Ever had a rash, stomach problem or respiratory ailment that defied diagnosis? You might have been suffering from a hidden food reaction.
Read on to learn about some of the most common food allergies, food intolerances and how you can get down to the bottom of what may be causing your symptoms.
What’s the Worst That Could Happen?
Up to 1% of adults and 7% of children under age five have at least one food allergy. An allergy is an adverse immune system response triggered by exposure to “foreign” proteins. Food allergies can produce severe symptoms, with severe cases leading to anaphylactic shock.
Anaphylactic shock is a potentially deadly condition marked by a drop in blood pressure, anxiety, reddening and swelling of the face, sometimes hives, tightness in the chest and throat, and difficulty breathing. Anyone experiencing these symptoms needs immediate medical attention.
Leading Causes of Food Allergy
The primary offenders when it comes to food allergies are fish (including shellfish), cow’s milk, eggs, wheat (including bread and pasta), peanuts, tomatoes, spinach, strawberries, raspberries, oranges and mangoes.
It’s estimated that 5% to 50% of all adults suffer from a related problem called food intolerance. This adverse reaction does not involve the immune system, but it produces similar symptoms. Many cases of food intolerance are caused by a lack of one or more digestive enzymes. This deficiency impairs the body’s ability to break down certain proteins in food.
Leading Causes of Food Intolerance
The frontrunners in this category are lactose, sulfites, artificial colors, food additives like monosodium glutamate, histamines (compounds in fermented foods like cheese, sauerkraut, alcoholic beverages and vinegar), tyramine (an amino acid in aged cheeses, yeast extract, wine, beer, raspberries and bananas) and food preservatives like benzoic acid and sodium benzoate. See a pattern here? Predictably, processed or refined foods – if we haven’t yet realized how unhealthy they are, in general – are often the culprits in allergic reactions.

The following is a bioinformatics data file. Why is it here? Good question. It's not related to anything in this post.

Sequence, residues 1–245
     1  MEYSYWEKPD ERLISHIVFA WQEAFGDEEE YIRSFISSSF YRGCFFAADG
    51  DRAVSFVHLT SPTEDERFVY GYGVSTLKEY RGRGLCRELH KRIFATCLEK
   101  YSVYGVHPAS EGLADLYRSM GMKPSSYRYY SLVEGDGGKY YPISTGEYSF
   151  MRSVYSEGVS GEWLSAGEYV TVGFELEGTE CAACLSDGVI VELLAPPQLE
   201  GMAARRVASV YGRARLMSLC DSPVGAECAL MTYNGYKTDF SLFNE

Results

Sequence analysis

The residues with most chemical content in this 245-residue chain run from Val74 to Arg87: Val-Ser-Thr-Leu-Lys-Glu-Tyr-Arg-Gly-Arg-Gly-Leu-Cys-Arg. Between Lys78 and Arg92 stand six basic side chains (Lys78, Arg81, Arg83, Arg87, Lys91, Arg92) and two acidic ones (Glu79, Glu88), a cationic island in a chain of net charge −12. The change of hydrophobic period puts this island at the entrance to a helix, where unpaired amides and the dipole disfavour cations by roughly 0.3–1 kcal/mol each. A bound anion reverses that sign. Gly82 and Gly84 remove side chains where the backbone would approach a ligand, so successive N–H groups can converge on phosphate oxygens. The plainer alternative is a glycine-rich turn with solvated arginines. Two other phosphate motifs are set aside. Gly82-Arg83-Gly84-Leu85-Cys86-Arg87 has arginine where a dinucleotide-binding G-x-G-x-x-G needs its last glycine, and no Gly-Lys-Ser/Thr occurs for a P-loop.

Pinpointing Food Reaction
Food allergies and intolerances manifest themselves differently in different people. A food that might give one person a rash might give another stomach pain. Predictably, doctors often have a hard time pinpointing the trouble. Misdiagnoses are very common.
If you suspect certain foods are making you ill, ask your doctor to refer you to a food-allergy specialist. This is someone who is experienced in the use of the “elimination and challenge diet.” This diet is pretty much the only surefire way to pinpoint food reactions, and it does so in two phases.
During the four-week elimination phase, all suspect foods are off limits. Symptoms often begin to clear up during this phase. During the ensuing challenge phase, lasting a few weeks to a few months, suspect foods are reintroduced one at a time. The patient watches carefully to see if symptoms return. By the end of the process, you are now aware what’s causing you all the trouble and can now eliminate those foods permanently to remain symptom-free.